170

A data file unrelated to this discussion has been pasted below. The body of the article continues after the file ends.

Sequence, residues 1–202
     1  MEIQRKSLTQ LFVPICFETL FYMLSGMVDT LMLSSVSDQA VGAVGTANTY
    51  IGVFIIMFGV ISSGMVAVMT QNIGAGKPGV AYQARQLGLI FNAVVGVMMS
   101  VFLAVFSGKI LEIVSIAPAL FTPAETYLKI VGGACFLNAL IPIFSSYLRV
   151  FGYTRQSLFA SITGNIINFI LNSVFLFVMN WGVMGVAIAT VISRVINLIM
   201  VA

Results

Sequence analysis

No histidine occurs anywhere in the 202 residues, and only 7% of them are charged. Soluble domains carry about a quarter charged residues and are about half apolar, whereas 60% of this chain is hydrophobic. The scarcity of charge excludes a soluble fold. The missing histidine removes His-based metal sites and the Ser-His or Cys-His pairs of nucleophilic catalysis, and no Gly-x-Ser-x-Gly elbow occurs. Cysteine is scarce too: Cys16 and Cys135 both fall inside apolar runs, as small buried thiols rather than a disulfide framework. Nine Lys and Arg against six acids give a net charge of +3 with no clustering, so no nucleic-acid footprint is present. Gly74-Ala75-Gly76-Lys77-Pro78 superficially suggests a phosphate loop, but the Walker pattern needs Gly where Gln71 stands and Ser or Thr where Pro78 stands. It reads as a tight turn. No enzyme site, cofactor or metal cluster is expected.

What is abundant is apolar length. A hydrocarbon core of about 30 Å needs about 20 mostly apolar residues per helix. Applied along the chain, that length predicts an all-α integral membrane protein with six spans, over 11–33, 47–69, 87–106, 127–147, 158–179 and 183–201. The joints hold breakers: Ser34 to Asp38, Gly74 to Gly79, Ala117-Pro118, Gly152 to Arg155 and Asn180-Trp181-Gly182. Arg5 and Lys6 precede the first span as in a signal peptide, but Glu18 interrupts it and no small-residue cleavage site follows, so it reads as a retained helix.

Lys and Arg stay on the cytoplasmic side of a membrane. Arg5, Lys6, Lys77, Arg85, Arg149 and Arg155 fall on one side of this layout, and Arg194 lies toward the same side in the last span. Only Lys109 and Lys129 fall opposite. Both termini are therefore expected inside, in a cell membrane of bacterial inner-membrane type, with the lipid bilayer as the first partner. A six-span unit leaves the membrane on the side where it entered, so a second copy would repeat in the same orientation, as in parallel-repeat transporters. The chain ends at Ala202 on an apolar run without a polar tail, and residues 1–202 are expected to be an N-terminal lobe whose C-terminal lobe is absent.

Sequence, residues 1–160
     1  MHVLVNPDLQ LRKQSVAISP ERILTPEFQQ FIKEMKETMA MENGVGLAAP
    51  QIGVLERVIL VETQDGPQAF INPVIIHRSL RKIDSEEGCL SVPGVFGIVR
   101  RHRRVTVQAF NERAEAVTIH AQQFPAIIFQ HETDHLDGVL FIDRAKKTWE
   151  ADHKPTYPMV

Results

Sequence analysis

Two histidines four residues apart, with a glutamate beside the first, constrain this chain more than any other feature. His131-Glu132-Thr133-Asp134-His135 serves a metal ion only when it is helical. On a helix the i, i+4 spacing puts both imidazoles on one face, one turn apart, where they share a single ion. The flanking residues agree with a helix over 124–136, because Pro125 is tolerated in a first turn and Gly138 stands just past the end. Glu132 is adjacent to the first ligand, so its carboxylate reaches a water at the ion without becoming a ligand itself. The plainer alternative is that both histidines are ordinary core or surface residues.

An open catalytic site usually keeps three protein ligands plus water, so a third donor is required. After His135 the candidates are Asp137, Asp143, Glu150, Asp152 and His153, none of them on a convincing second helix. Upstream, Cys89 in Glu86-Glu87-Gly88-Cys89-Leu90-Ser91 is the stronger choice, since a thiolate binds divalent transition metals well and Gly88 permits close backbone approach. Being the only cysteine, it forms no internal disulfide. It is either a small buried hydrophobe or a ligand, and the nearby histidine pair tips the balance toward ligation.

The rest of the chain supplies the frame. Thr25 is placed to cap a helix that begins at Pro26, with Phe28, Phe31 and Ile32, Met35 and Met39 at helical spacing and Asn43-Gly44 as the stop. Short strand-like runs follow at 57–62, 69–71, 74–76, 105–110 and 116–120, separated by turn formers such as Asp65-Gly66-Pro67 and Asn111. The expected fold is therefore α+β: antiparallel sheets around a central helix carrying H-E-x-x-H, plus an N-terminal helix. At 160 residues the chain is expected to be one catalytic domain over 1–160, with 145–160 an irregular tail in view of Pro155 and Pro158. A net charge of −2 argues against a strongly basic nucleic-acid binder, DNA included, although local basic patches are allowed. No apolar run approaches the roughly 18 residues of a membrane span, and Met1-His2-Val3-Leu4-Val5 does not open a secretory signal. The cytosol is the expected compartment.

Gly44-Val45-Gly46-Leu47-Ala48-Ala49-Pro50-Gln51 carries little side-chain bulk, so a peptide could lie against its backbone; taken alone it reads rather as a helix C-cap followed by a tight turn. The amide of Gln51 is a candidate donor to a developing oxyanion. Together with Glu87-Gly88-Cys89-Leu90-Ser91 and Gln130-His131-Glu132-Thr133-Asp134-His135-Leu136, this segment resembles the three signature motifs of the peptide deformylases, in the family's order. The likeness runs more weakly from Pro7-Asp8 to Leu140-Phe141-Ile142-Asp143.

171 Key findings Mobile phone adoption has largely been monitored based on mobile-cellular subscription data since these are widely available and regularly collected and disseminated by regulators and operators. At the end of 2016, there are almost as many mobile-cellular subscriptions as people on earth and 95 per cent of the global population lives in an area that is covered by a mobile-cellular signal. However, since many people have multiple subscriptions or devices, other metrics need to be produced to accurately assess mobile uptake, such as the number of mobile phone users or mobile phone owners. Many people still do not own or use a mobile phone . Household data from developing countries show that a significant part of the population does not use mobile-cellular services at all. In developing economies where recent household data is available, close to 20 per cent of the population, on average, are still not using a mobile phone. The proportion of mobile-phone ownership is even lower, especially in large developing economies such as Bangladesh, India, Indonesia and Pakistan, where more than 40 per cent of the population do not own a mobile phone. Most people who do not own or use a mobile phone are among the youngest (5-14 years old) and the oldest (>74 years old) segments of the population . Usage and ownership penetration rates amongst these age groups are much lower than amongst the rest of the population. Among the 15-74 age group, 85 per cent or more of the population owns or uses a mobile phone in the countries where data are available. Significant gender gaps exist in mobile-phone adoption and the gap is larger for mobile- . Many women in developing countries rely on phone ownership than for mobile-phone use someone else’s mobile phone or SIM card to access mobile-cellular services. The gender divides are associated with differences in income and educational attainment, and reflect other types of social divides. Most people not owning or using a mobile phone have lower incomes and are less educated. People living in rural areas are less likely to own or use a mobile phone than people in urban areas. In several developing countries, sizeable segments of both the urban and the rural population do not yet own or use a mobile phone. Although basic mobile infrastructure is available for most of the global population living in rural areas, rural populations tend to have lower incomes and lower education levels, which are in turn linked to lower mobile-phone ownership and usage. . It is the cost of the handset, rather Affordability is the main barrier to mobile-phone ownership than the cost of the service itself, which is often reported as the main barrier to owning a mobile phone. Another important barrier is the lack of perceived benefits. In communities where overall mobile uptake is low, mobile phone use is perceived to have fewer benefits since fewer community members are also using this mode of communication. Other barriers include poor network quality and lack of ICT skills necessary for accessing the Internet through a mobile phone. Universal use of mobile-cellular services has not been achieved yet. Policy-makers and the telecommunication industry in developing countries should focus on targeted policies for promoting mobile adoption. As the 2030 Agenda for Sustainable Development has pledged, ICTs can be a strong empowerment tool, and no one should be deprived of their benefits because of economic, educational, social or technical barriers. Measuring the Information Society Report 2016 155